When running this code, it will print 10 as the numeric sum and abcdef as the string sum.

 

Simplifying compile time decisions with constexpr-if


In templated code, it is often necessary to do certain things differently, depending on the type the template is specialized for. C++17 comes with constexpr-if expressions, which simplify the code in such situations a lot.

How to do it...

In this recipe, we'll implement a little helper template class. It can deal with different template type specializations because it is able to select completely different code in some passages, depending on what type we specialize it for:

  1. Write the part of the code that is generic. In our example, it is a simple class, which supports adding a type U value to the type T member value using an add function:
       template <typename T>
       class addable
       { 
           T val;

       public:
           addable(T v) : val{v} {}

           template <typename U>
           T add(U x) const {
               return val + x;
           }
       };

 

  1. Imagine that type T is std::vector<something> and type U is just int. What shall it mean to add an integer to a whole vector? Let's say it means that we add the integer to every item in the vector. This will be done in a loop:
       template <typename U>
       T add(U x) 
       {
           auto copy (val); // Get a copy of the vector member
           for (auto &n : copy) { 
               n += x;
           }
           return copy;
       }
  1. The next and last step is to combine both worlds. If T is a vector of U items, do the loop variant. If it is not, just implement the normal addition:
       template <typename U>
       T add(U x) const {
if constexpr (std::is_same_v<T, std::vector<U>>) {
               auto copy (val);
               for (auto &n : copy) { 
                   n += x;
               }
               return copy;
           } else {
               return val + x;
           }
       }
  1. The class can now be put to use. Let's see how nicely it works with completely different types, such as int, float, std::vector<int>, and std::vector<string>:
       addable<int>{1}.add(2);               // is 3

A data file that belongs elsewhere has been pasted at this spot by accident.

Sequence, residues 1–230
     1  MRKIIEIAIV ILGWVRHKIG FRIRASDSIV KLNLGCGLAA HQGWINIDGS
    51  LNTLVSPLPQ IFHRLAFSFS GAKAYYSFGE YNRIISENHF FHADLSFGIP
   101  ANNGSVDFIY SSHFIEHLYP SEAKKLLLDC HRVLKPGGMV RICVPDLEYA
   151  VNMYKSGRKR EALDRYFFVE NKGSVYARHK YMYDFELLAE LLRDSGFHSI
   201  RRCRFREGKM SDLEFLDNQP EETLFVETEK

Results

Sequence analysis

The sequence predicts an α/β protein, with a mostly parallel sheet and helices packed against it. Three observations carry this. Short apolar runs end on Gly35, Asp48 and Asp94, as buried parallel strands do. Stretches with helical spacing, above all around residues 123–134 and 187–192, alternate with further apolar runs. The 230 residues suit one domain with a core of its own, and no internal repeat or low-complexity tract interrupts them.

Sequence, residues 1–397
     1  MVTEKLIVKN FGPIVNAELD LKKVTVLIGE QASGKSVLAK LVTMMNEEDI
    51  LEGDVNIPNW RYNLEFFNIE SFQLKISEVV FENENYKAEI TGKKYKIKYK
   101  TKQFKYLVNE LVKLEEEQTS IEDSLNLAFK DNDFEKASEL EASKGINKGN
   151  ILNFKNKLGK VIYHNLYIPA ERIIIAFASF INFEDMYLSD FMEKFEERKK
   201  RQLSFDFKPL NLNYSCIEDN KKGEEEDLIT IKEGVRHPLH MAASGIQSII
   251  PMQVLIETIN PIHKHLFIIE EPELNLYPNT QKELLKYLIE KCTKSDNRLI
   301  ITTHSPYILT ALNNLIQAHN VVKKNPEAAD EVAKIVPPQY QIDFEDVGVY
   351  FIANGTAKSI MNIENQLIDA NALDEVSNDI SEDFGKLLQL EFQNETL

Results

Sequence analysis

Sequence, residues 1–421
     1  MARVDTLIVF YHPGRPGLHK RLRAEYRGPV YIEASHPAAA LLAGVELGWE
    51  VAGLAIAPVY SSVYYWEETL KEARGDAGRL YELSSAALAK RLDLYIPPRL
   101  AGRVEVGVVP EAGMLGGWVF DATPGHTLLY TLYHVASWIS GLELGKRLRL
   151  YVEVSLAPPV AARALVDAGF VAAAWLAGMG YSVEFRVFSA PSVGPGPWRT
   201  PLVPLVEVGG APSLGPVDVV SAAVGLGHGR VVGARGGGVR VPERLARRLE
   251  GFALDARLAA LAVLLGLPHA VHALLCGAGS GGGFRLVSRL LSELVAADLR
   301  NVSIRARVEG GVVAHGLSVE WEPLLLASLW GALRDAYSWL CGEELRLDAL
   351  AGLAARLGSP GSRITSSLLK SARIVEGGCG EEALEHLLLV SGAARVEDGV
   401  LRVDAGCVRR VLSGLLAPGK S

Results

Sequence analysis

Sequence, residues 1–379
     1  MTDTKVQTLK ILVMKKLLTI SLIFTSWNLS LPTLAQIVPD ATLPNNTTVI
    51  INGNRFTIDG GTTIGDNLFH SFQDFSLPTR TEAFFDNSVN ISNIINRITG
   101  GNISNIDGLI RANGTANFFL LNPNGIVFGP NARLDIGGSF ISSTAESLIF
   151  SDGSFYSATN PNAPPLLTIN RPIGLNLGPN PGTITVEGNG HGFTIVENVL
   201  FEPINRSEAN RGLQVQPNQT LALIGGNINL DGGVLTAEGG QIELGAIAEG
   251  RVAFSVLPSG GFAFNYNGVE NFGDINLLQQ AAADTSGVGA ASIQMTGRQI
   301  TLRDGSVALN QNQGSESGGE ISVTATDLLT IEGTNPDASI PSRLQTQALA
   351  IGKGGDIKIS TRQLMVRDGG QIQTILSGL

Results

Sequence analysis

addable<float>{1.0}.add(2);           // is 3.0
       addable<std::string>{"aa"}.add("bb"); // is "aabb"

std::vector<int> v {1, 2, 3};
       addable<std::vector<int>>{v}.add(10); 
           // is std::vector<int>{11, 12, 13}

std::vector<std::string> sv {"a", "b", "c"};
       addable<std::vector<std::string>>{sv}.add(std::string{"z"}); 
           // is {"az", "bz", "cz"}

How it works...

The new constexpr-if works exactly like usual if-else constructs. The difference is that the condition that it tests has to be evaluated at compile time. All runtime code that the compiler creates from our program will not contain any branch instructions from constexpr-if conditionals. One could also put it that it works in a similar manner to preprocessor #if and #else text substitution macros, but for those, the code would not even have to be syntactically well-formed. All the branches of a constexpr-if construct need to be syntactically well-formed, but the branches that are not taken do not need to be semantically valid.

In order to distinguish whether the code should add the value x to a vector or not, we use the type trait std::is_same. An expression std::is_same<A, B>::value evaluates to the Boolean value true if A and B are of the same type. The condition used in our recipe is std::is_same<T, std::vector<U>>::value, which evaluates to true if the user specialized the class on T = std::vector<X> and tries to call add with a parameter of type U = X.

There can, of course, be multiple conditions in one constexpr-if-else block (note that a and b have to depend on template parameters and not only on compile-time constants):

if constexpr (a) {
    // do something
} else ifconstexpr (b) {
    // do something else 
} else {
    // do something completely different
}

With C++17, a lot of meta programming situations are much easier to express and to read.

There's more...

In order to relate how much constexpr-if constructs are an improvement to C++, we can have a look at how the same thing could have been implemented before C++17:

template <typename T>
class addable
{
    T val;

public:
    addable(T v) : val{v} {}

    template <typename U>
    std::enable_if_t<!std::is_same<T, std::vector<U>>::value, T>
    add(U x) const { return val + x; }

    template <typename U>
    std::enable_if_t<std::is_same<T, std::vector<U>>::value, 
                     std::vector<U>>
    add(U x) const {
        auto copy (val);
        for (auto &n : copy) { 
            n += x;
        }
        return copy;
    }
};

Without using constexpr-if, this class works for all different types we wished for, but it looks super complicated. How does it work?

The implementations alone of the two differentadd functions look simple. It's their return type declaration, which makes them look complicated, and which contains a trick--an expression such as std::enable_if_t<condition, type> evaluates to type if condition is true. Otherwise, the std::enable_if_t expression does not evaluate to anything. That would normally considered an error, but we will see why it is not.

For the second add function, the same condition is used in an inverted manner. This way, it can only be true at the same time for one of the two implementations.

When the compiler sees different template functions with the same name and has to choose one of them, an important principle comes into play: SFINAE, which stands for Substitution Failure is not an Error. In this case, this means that the compiler does not error out if the return value of one of those functions cannot be deduced from an erroneous template expression (which std::enable_if is, in case its condition evaluates to false). It will simply look further and try the other function implementation. That is the trick; that is how this works.